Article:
LONG BEACH — Pacific Transit System recently took delivery of its newest vehicle, a 2011 Hometown Trolley Carriage that most recently worked in Camarillo, Calif., before a stop in Las Vegas for refurbishing.

Transit bought the 19-passenger trolley, along with a different model from the city of Long Beach, to help visitors get around the Peninsula during the summer months.

“Years ago, Pacific Transit had a trolley, and it ran primarily throughout the system, but due to its age and cost of refurbishing, it was eventually put out for auction,” said Michael Wagner, director of Pacific Transit. “We intend to keep the trolley system working for a long time now.”

Transit targets the Saturday before Memorial Day to begin service. During the summer months, it will operate Thursday, Friday and Saturday.

“We are looking to move back to Sundays in the future, but drivers and schedules will have to be increased, and it takes time,” he added. “Drivers are at a premium now, and we do not have the driver pool necessary for expanded service.”

Wagner started work at Transit on Feb. 1, taking over for Richard Evans, who retired in 2020.

Plans made for trolleys

One of the trolleys will circulate among Long Beach hotels and take visitors to the local beach approaches, traveling from Ilwaco to The Breakers. The exact schedule will be worked out in the next few weeks.

Wagner and his staff are working to use the other trolley as a historic tour bus to take visitors to museums and hot spots from Ilwaco to Oysterville. There are still some hurdles to clear, so they will not have a starting date for a few weeks.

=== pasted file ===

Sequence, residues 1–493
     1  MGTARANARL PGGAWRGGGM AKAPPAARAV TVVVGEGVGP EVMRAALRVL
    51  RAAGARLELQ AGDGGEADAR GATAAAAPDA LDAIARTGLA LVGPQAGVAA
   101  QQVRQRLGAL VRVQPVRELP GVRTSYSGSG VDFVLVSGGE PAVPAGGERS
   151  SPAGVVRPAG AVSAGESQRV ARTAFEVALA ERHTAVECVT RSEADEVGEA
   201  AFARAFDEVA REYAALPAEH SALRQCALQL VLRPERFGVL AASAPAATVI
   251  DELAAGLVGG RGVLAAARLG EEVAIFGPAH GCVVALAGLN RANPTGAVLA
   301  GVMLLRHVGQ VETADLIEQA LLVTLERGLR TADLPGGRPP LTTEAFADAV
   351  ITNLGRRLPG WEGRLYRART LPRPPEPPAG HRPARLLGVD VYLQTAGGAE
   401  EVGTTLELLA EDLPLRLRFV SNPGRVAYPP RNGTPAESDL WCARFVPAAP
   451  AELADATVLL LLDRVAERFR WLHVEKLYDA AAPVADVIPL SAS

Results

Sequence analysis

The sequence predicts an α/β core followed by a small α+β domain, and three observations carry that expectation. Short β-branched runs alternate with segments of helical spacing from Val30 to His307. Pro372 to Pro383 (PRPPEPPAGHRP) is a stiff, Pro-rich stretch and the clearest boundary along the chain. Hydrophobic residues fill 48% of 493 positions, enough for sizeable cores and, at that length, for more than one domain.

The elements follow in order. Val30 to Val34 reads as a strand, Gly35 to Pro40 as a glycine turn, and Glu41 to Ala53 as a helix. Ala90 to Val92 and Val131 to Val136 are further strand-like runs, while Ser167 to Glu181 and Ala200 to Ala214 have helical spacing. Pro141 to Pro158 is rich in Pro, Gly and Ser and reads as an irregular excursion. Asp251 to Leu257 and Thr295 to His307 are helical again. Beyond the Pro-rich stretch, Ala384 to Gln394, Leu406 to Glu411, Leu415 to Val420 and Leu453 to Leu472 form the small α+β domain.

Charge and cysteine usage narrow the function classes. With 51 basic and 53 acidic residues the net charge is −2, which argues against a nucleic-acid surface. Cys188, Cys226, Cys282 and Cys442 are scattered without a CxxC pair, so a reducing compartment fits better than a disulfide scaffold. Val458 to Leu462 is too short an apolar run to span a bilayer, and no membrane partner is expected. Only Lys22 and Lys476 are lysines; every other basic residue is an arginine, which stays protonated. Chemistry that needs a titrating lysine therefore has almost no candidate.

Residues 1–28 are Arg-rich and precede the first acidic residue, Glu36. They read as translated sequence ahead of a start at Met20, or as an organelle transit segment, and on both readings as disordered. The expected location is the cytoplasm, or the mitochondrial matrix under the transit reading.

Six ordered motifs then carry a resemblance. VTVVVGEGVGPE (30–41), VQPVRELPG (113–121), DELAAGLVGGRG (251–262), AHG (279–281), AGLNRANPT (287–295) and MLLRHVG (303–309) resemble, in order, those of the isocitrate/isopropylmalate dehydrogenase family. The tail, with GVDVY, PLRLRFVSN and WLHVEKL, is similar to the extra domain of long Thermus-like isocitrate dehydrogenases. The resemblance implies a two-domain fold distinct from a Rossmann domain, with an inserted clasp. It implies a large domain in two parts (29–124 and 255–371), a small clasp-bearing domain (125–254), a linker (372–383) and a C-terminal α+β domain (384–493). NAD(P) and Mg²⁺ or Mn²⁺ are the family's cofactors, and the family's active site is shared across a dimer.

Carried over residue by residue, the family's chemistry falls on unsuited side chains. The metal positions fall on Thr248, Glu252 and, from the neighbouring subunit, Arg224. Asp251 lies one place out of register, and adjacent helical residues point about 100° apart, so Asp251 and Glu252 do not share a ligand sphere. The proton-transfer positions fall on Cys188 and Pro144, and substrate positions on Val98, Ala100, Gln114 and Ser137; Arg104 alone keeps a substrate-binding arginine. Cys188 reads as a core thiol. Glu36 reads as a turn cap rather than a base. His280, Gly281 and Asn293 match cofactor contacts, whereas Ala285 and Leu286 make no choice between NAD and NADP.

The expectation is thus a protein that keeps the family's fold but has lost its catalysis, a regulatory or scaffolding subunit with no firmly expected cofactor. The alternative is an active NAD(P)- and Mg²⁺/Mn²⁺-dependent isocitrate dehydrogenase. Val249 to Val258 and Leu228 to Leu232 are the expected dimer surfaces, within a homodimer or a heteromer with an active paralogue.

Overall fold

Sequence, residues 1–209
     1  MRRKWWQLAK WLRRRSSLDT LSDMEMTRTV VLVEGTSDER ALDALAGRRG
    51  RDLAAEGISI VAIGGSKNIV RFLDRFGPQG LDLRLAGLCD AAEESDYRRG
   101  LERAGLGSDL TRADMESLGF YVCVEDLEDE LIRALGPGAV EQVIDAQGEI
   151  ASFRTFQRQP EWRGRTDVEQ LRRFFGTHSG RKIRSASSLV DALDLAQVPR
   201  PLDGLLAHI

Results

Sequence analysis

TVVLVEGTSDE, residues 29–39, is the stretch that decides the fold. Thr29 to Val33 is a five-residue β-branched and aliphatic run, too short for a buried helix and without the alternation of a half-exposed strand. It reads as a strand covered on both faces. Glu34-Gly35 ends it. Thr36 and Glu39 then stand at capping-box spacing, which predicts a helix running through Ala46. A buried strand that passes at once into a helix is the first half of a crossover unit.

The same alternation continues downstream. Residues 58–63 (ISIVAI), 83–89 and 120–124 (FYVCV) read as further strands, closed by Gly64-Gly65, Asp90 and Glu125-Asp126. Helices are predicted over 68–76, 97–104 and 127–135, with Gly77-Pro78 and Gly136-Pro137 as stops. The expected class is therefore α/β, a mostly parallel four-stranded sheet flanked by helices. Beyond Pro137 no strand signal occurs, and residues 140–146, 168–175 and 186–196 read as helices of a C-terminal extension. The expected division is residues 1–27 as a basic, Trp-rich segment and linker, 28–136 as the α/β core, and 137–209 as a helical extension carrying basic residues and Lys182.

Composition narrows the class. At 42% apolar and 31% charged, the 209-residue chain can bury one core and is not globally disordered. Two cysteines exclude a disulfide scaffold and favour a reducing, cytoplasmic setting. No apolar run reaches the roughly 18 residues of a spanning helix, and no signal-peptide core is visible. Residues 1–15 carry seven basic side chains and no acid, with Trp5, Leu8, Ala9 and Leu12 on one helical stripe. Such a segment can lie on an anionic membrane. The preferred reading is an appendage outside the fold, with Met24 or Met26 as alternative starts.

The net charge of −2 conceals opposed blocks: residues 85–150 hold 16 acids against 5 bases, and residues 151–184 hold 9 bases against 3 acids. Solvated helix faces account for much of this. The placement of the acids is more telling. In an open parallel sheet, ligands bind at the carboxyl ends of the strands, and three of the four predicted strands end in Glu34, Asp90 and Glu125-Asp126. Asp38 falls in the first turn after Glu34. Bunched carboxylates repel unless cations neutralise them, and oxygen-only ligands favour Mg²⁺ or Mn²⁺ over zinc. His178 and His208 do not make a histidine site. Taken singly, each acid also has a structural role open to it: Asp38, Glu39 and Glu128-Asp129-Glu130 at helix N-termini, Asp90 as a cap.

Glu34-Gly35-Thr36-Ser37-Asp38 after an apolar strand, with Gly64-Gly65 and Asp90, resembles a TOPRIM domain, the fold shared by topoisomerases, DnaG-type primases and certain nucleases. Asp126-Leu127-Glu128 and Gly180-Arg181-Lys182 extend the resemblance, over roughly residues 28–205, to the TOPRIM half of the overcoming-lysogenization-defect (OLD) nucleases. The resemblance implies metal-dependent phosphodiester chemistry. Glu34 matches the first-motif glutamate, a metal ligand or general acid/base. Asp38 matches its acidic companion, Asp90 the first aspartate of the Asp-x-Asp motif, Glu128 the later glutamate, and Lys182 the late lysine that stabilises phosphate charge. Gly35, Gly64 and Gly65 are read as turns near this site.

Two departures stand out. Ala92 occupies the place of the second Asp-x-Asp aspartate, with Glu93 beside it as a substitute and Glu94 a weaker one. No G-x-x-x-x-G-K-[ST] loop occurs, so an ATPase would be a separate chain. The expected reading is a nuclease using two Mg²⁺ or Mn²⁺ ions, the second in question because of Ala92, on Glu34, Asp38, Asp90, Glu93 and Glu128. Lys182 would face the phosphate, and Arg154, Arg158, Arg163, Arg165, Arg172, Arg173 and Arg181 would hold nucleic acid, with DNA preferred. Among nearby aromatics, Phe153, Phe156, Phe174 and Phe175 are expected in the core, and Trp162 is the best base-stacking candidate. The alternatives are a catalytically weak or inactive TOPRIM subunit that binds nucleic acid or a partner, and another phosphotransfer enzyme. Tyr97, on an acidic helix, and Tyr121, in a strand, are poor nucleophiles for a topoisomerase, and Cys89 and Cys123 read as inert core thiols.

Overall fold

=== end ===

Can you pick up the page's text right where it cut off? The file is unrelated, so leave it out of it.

The trolley from the City of Long Beach is a 1997 Barth P-30. The city voted to sell the bus to Transit for $1 on April 5.

Mayor Jerry Phillips said Transit is the perfect fit to operate the trolley.

“We bought it a few years back for events in the city of Long Beach, but we haven’t utilized it as much as we wanted,” he said.

Phillips said the wrap on the bus, designed by Ilwaco artist Don Nisbett, highlights the area’s attractions.

‘Missing link’ filled

Andi Day, executive director of Visit Long Beach Peninsula, is excited about the prospects of this type of transportation on the Peninsula, especially as it concerns small group meetings and events. Without a convention center connected to lodging on the Peninsula, being able to move participants around from hotels to other venues is critical.

“This is the missing link we’ve needed for so long,” she said.

The new service comes at a great time, with tourism on the Peninsula continuing to increase despite the pandemic.

“It’s going to be extremely busy this summer,” Day said, adding that the trolleys should help ease traffic issues, especially in the hectic downtown Long Beach corridor.

Wagner knows used vehicles carry some risk, but the Vegas Company has a good reputation.

“Las Vegas Bus Sales is a premium West Coast sales organization with hundreds of buses, and I have worked with them before,” he said. “This trolley has relatively low miles on it and is a standard gasoline engine; our mechanics take pride in their work and will have no problem working on this vehicle, as they regularly work on much larger buses.”

Look for the trolleys to hit the road in the next few months for driver training. “You may see it in specific locations as we check for safety and show it to the north-end community, “Wagner said. “but no rides before the 29th of May.”

He’s looking forward to the trolleys adding to the Peninsula’s beachy charm.

“Our commitment is to build on its notoriety and have it be something that everyone looks forward to riding during the summer months.”

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